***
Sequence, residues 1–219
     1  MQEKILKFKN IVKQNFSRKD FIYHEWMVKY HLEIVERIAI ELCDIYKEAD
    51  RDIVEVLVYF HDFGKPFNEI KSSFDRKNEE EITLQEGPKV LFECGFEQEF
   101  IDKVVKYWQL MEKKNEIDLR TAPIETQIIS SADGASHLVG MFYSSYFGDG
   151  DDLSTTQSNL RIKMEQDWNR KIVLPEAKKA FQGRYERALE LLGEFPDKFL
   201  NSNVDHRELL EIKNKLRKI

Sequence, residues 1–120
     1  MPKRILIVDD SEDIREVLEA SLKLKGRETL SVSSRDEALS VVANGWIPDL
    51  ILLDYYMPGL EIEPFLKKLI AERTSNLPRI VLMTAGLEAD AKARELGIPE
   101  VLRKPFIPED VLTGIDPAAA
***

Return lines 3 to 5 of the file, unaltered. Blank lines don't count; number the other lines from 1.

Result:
    51  RDIVEVLVYF HDFGKPFNEI KSSFDRKNEE EITLQEGPKV LFECGFEQEF
   101  IDKVVKYWQL MEKKNEIDLR TAPIETQIIS SADGASHLVG MFYSSYFGDG
   151  DDLSTTQSNL RIKMEQDWNR KIVLPEAKKA FQGRYERALE LLGEFPDKFL